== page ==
This week, my friend Shannon pointed out the joy that dance brings to her life. That made me want to share the following:
Bare Feet, hosted by my friend Mickela Mallozzi, where she learns to dance from locals in countries all over the world. Travel + cultural exchange + dance = so much joy!
Dance Theatre of Harlem, always, and since last year this dance - set to Bach’s Violin Concerto in A minor - in particular.
Dancing Through Harlem
Dancing Through Harlem
Gurdeep Pandher of the Yukon
Bhangra in Boreal forest of the Yukon for Joy and Positivity
Bhangra in Boreal forest of the Yukon for Joy and Positivity
Patrick Dougherty is a favorite natural sculptor who makes dwellings I wish I could live in part time. This is ‘Grand Central’ now on display at McKee Botanical Garden.
Grand Central by Patrick Dougherty
Grand Central by Patrick Dougherty
Danish artist Thomas Dambo turns trash into treasure. His latest at the Coastal Maine Botanical Gardens aims to convey the importance of forest preservation, and our responsibility to the environment. “These are nature’s protectors,said Gretchen Ostherr, president and chief executive of the gardens, “[the goal is for people to] have a wonderful, connected, restorative experience, and that they are inspired to take care of their planet.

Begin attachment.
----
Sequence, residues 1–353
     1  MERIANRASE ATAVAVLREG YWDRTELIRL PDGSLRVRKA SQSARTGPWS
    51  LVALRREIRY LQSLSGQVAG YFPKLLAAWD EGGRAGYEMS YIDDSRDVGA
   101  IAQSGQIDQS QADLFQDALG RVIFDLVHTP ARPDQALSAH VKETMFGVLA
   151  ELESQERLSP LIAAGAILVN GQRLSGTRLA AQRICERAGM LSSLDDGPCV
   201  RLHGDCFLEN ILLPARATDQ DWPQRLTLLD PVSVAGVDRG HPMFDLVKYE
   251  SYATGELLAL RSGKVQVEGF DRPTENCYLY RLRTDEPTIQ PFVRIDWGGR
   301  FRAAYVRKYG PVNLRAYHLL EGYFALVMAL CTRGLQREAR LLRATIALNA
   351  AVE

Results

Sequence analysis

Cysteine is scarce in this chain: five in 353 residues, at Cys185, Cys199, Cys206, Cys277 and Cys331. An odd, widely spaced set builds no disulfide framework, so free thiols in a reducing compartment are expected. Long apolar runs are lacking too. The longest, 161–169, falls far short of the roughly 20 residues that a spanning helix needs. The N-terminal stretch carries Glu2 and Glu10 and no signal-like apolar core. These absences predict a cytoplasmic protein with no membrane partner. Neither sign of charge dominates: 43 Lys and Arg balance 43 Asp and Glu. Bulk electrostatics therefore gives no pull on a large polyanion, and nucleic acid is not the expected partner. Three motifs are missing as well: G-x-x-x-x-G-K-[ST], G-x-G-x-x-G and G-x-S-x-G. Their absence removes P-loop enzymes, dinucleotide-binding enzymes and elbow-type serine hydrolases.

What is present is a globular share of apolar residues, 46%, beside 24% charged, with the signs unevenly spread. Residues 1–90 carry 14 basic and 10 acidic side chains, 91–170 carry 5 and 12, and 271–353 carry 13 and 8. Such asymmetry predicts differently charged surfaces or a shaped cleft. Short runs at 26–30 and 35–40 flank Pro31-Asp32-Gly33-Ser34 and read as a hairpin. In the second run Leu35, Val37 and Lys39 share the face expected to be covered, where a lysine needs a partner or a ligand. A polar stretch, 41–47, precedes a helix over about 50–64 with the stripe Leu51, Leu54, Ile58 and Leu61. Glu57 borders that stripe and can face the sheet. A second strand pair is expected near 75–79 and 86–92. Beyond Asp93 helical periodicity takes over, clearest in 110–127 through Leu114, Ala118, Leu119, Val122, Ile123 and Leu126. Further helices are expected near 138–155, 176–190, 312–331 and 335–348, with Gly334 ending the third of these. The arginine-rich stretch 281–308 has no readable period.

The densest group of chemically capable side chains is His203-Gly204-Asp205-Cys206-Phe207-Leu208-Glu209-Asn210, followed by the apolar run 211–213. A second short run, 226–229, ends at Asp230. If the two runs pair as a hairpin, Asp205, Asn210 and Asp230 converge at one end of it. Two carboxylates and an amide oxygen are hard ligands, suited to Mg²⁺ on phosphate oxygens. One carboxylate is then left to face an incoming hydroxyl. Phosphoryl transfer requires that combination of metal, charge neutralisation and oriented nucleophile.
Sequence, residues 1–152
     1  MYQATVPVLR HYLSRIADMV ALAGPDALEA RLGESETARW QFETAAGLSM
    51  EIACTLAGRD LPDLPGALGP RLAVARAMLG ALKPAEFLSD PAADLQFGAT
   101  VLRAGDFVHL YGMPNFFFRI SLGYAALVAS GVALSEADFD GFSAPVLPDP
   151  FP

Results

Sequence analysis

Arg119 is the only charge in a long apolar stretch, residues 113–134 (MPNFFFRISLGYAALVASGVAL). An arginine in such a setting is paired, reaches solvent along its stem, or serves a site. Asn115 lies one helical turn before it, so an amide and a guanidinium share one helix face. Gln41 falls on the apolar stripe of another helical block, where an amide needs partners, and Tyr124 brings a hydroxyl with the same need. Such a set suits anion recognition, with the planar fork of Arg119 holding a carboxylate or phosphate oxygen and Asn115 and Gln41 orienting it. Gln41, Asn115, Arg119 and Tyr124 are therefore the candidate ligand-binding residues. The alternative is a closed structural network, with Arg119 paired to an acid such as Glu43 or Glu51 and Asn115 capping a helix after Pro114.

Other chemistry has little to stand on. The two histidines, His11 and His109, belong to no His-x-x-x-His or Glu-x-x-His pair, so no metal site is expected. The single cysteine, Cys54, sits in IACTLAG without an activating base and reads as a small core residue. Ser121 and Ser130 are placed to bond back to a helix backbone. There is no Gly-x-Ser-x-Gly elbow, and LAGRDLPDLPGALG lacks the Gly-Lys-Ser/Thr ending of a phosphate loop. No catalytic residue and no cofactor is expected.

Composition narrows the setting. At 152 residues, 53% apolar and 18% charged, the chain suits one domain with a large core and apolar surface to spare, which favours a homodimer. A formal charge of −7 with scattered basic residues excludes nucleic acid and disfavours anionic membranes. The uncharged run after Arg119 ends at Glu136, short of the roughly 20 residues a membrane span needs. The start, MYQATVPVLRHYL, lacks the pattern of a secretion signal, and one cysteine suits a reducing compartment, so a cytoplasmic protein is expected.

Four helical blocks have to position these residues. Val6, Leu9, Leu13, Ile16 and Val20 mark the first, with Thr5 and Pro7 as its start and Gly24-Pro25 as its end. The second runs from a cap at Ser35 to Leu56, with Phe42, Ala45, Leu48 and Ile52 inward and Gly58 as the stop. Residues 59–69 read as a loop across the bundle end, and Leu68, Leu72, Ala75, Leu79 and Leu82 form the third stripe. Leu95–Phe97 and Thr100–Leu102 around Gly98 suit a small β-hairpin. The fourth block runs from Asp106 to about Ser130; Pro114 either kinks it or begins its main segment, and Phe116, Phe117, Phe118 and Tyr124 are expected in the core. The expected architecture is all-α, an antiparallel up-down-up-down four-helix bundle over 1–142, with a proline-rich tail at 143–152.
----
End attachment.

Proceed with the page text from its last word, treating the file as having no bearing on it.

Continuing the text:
The Boston Globe
The exhibit, titled, “Guardians of the Seeds,” is the work of Danish artist Thomas Dambo.

Guardians of the Seeds officially opens later this month.

https://t.co/n01Q3s2IrX https://t.co/d4Mro3Bqml
Illustration, Graphic Design, Painting
I rediscovered an old classmate this week and with that the fact that she’s an artist too, living in Los Angeles as well! [We did not grow up here. Small world!] Julia works in many mediums and I have really been enjoying them all. Shop her work or join her for yoga.
© jgdnoriginals
© jgdnoriginals
I could never choose just one favorite from artist Melissa Koby. Here is my most recent favorite and this one, this, and this are also favorites.
© Melissa Koby
© Melissa Koby